The bold growth strategy will help the supermarkets tackle competition from discount stores Lidl and Aldi, as well as the growing threat of Amazon in the grocery sector. But partnerships don’t just apply to mega-brands like these; teaming up with a competitor could work equally successfully for less established brands, especially if you’re operating in a small market.
Cadbury Brand Growth Strategy: Produce original content
Think original content is just for the likes of Amazon and Netflix? Nuh-uh. Now, all sorts of brands are getting in on the act. Cadbury has just released a 22 minute-long film shot as part of its brand growth strategy for its Heroes range.
The film is the first in a series called ‘Families Reunited’, which focuses on real parents trying to reconnect with their distant teens by going on a “crash course” to understand their hobbies.
“It’s a brand often in the home where entertainment is: in the lounge, being shared. So, we thought we could make our own entertainment and find ways to share that with people,” Michael Moore, Senior Brand Manager at Mondelez, told The Drum.
He added that the brand would use Facebook, Instagram and regular TV to direct people to the films. “We’re seeing that shift to people streaming content online so it does still fit with the habits that people are displaying already.”
In addition to the film series, Cadbury has also forged partnerships with Global Radio and Spotify to curate a branded playlist for families. The strategy shows how diversification into new areas, such as production of on-demand entertainment, can be used to promote growth of existing products.
Pizza Hut Brand Growth Strategy: Returning to its roots
You wouldn’t normally look back to go forwards, but sometimes a return to your roots can make sense for growth. This was the case for Pizza Hut, which says it had lost sight of what it stood for in North America.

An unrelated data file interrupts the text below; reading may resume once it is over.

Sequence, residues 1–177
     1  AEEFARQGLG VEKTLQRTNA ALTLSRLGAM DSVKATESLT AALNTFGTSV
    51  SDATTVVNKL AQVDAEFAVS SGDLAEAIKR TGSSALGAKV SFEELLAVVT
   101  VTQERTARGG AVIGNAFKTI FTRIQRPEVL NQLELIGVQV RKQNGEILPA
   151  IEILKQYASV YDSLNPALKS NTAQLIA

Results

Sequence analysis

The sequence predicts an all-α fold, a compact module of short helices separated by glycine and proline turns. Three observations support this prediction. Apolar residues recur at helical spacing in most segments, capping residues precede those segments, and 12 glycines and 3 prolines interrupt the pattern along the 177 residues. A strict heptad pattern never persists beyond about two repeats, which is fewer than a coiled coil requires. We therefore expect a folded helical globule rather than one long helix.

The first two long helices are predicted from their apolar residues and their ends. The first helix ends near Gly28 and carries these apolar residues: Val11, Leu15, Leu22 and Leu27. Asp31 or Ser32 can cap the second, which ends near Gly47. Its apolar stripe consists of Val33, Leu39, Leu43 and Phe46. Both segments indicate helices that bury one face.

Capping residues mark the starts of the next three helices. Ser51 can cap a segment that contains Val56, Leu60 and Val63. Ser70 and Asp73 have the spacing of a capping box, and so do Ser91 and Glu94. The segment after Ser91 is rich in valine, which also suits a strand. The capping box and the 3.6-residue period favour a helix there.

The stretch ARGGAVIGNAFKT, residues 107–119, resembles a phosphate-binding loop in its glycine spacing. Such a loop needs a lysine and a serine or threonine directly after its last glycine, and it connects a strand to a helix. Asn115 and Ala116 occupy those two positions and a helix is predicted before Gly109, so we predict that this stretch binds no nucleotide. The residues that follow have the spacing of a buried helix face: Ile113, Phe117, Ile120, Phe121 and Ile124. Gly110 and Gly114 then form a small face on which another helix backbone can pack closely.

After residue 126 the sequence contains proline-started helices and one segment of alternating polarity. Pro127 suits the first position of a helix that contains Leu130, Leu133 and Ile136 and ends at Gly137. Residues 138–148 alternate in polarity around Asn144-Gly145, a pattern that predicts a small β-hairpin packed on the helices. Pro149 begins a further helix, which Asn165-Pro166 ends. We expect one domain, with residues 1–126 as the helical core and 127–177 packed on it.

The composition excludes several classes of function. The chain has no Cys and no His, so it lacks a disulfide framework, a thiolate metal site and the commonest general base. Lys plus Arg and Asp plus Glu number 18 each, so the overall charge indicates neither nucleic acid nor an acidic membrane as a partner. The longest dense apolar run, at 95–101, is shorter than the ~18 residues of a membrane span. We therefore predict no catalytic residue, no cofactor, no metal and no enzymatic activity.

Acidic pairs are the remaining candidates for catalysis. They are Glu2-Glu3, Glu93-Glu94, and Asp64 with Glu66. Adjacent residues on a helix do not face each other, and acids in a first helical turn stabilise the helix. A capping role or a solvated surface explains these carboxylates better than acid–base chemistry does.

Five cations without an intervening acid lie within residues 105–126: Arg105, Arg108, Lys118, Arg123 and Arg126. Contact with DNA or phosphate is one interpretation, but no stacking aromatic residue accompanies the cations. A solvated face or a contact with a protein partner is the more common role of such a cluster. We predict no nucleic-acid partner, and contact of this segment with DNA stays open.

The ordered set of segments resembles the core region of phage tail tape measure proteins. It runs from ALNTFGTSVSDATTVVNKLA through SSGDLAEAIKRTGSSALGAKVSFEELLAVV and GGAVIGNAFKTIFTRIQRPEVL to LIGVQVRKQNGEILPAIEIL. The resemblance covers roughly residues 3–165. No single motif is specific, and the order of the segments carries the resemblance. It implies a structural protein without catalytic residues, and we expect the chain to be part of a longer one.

“As we evolved, our tone changed and there really wasn’t a clear understanding of what we stood for,” Marianne Radley, Pizza Hut’s Chief Brand Officer, told The Drum. “We should never have lost sight of where we came from, and that’s the fact we were born in a restaurant, not a boardroom. That’s really a point of difference for us within the category.”
The brand decided to tap into consumer nostalgia by resurrecting its red-roof logo that ran between 1967 and 1999. It has also adopted a bolder tone of voice to assert the brand’s position as an American icon.
“Pizza Hut is an American, iconic classic that’s ingrained in people’s hearts and minds,” said Radley. “We attest that to the fact we really were the original pizza company – the first national pizza chain – and we’re celebrating that with a little more of a confident and unapologetic tone.”
The strategy is backed by qualitative research conducted with more than 3,000 consumers that found people still consider Pizza Hut as “the OG of the pizza category.”
To reconnect with the original essence of Pizza Hut, the brand’s marketing team trawled through company archives, finding old menus, recipe cards and photos. It reminded them of the style the restaurant was once famed for: checked tablecloths, red glass tumblers and Tiffany-style lamps.
“It made us see that when the Carney brothers first founded the chain, their big thing was having more guts than brains. We thought to ourselves, we need to have more guts in what we’re doing and be more confident. I think we shied away from that over the years.”
GameStop Brand Growth Strategy: Invest in bricks and mortar
Video gaming, by its very nature, is centred around digital experiences. But US gaming brand GameStop is convinced it can stimulate growth by investing in bricks and mortar stores.
GameStop wants to bring video game culture to life in every neighborhood and has partnered with innovation design firm, R/GA, to create unique in-store experiences.
The new approach follows research that identified four major motivations people have for playing video games: immersion, achievement, creativity and community.
As a result, GameStop is developing and piloting new store concepts, such as locations that sell strictly retro gaming software and hardware, and stores that offer competitive sessions for homegrown e-Leagues.
“We’re on a journey to use our vast retail footprint to provide an engaging and well thought out experience that enhances our consumers’ gaming interests,” Frank Hamlin, Chief Customer Officer at GameStop, told Campaign.
“Among its many strengths is R/GA’s ability to leverage consumer insights and technology to reimagine the experience our consumers can have in our physical space. Our investment in this partnership is the next stage of our transformation and growth strategy.”
And if you remember nothing else…
Keeping a close eye on what other brands are doing is one of the best ways to understand what your brand should be doing. While you should pay particular attention to your direct competitors’ brand growth strategy, don’t ignore growth tactics being used successfully elsewhere. Borrowing ideas from unrelated industries and applying them to your own can result in the best innovation.